IEA calls for ‘technology revolution’ to tackle global warming


-File photo

The world must spend one percent of its annual economic output to halve greenhouse gas emissions by 2050, the IEA said on Friday, calling for an ‘energy technology revolution’ to curb global warming.
Unless governments take action now, carbon dioxide emissions will rise by 130 percent by the middle of the century and oil demand will grow 70 percent, the International Energy Agency (IEA) said in a report published in Tokyo.
To halve carbon dioxide emissions, the world would need to spend an additional 45 trillion US dollars on clean energy technologies by 2050 — one percent of average annual gross domestic product over the period, it estimated.
“There should be no doubt that meeting the target of a 50 percent cut in emissions represents a formidable challenge,” Nobuo Tanaka, executive director of the Paris-based IEA, told a press conference here.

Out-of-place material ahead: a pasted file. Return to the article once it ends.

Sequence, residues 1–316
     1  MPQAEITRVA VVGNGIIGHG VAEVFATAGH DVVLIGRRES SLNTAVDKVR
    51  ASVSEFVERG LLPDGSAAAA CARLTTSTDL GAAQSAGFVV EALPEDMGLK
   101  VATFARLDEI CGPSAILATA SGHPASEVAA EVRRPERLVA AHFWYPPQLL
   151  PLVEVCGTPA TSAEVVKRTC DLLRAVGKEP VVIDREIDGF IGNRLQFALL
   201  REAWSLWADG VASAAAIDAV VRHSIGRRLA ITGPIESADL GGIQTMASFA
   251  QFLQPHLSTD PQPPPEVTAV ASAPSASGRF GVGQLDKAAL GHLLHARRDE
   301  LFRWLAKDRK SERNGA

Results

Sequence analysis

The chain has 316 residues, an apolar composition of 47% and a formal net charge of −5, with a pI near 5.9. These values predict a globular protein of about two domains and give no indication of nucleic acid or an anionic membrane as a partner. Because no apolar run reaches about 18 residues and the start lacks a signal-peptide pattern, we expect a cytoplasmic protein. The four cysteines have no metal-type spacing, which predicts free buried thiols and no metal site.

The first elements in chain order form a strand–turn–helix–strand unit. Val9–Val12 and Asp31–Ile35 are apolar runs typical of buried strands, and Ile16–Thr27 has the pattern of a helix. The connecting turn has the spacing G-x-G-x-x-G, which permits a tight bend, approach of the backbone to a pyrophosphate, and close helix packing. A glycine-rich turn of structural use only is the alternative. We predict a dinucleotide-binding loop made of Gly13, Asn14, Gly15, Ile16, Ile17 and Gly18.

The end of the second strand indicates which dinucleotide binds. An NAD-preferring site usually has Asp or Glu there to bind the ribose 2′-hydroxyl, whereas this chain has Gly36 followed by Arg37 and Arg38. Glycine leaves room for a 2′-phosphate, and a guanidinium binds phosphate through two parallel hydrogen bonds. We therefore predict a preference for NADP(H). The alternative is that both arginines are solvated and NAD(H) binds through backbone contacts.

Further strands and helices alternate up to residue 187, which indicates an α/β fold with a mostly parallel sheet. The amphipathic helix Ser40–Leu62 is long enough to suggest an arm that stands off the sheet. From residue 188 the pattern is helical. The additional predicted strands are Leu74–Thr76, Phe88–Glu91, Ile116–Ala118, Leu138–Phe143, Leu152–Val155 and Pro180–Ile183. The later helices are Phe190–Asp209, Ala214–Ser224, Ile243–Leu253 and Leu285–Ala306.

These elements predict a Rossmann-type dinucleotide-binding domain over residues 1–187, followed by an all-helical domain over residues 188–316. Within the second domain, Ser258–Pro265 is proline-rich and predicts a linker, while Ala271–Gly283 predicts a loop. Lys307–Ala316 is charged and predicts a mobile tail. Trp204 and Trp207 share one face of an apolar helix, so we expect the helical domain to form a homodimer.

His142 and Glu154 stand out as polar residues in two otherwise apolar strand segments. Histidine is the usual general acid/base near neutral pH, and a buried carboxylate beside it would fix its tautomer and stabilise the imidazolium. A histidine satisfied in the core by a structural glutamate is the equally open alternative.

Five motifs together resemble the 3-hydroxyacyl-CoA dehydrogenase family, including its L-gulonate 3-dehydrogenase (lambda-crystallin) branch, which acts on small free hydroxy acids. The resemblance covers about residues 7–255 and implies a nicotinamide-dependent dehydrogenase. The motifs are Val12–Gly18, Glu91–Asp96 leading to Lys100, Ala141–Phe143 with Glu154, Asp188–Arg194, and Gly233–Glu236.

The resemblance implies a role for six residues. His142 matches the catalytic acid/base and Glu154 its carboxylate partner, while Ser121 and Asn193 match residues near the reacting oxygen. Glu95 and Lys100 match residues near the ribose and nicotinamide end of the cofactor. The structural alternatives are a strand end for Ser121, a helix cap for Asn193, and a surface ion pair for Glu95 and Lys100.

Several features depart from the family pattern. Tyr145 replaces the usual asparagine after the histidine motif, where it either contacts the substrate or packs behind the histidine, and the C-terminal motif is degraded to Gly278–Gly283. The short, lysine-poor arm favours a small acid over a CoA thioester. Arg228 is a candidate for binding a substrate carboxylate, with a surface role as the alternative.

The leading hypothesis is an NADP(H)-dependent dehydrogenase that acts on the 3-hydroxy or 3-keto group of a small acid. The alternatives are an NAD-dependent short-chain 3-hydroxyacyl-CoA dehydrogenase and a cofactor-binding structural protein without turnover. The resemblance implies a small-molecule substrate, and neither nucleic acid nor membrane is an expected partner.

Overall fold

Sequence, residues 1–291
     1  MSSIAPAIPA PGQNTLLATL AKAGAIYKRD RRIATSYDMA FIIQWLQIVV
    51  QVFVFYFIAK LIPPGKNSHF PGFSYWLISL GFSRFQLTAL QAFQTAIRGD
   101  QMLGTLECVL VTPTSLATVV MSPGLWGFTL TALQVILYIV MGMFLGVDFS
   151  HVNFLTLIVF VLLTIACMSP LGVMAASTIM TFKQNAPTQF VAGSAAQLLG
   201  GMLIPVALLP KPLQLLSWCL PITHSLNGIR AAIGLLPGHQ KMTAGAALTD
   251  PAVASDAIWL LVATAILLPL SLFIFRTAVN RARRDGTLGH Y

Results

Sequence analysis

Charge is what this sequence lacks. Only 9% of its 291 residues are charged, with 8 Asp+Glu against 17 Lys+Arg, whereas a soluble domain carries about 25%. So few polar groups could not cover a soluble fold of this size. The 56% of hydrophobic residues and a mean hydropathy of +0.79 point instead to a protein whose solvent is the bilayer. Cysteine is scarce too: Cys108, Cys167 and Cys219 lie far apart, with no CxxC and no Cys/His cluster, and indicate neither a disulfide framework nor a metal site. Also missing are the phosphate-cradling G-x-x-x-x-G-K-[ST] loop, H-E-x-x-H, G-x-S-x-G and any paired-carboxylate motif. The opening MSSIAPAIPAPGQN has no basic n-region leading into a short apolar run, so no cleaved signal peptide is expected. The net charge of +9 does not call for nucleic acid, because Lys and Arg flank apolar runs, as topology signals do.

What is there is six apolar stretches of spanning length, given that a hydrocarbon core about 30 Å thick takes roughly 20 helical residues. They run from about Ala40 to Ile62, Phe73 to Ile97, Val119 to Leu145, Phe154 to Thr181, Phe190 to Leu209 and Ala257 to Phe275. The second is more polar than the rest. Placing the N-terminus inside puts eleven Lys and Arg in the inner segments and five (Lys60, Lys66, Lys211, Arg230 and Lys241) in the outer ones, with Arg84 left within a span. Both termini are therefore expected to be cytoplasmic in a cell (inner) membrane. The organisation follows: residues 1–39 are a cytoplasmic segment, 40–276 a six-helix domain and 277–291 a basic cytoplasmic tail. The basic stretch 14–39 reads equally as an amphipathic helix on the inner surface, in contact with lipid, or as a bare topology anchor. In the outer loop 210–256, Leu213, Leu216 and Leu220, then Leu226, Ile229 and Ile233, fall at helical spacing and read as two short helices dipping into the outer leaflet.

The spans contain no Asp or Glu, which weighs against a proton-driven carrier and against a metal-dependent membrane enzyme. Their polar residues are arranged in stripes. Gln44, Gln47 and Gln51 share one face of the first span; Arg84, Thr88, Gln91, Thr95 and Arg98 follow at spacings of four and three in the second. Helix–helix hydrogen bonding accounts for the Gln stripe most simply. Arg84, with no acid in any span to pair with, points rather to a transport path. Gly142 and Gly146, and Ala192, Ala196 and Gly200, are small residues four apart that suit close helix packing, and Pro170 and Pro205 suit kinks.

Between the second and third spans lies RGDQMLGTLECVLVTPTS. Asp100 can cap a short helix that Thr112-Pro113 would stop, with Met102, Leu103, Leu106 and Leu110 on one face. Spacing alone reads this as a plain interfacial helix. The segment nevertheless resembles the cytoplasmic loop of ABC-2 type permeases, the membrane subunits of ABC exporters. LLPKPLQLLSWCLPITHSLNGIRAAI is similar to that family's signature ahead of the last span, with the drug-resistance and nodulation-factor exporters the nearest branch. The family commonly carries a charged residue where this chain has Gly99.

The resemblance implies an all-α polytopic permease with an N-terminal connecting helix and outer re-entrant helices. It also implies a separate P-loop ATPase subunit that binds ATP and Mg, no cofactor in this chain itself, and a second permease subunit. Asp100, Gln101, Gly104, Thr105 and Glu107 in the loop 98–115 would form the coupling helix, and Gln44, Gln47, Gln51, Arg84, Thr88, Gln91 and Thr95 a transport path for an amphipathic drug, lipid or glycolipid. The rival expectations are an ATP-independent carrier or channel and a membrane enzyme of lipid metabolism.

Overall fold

“We would require immediate policy action and technological transition on an unprecedented scale. It would essentially require a new global technological revolution which would completely transform the way we produce and use energy.”
He noted that, according to the UN-backed Intergovernmental Panel on Climate Change, such deep cuts are needed to limit global warming to two to three degrees C (36 to 37 degrees F) up to the end of the century.
The IEA said no single form of energy or technology could solve the problem alone, calling for increased use of carbon dioxide capture and storage, renewable and nuclear energy and better energy efficiency.
Rich and poor nations are divided on what action to take to tackle climate change, despite growing fears that global warming could cause the extinction of plants and animals within the century and put millions of people at risk.

Copyright AFP (Agence France-Presse), 2008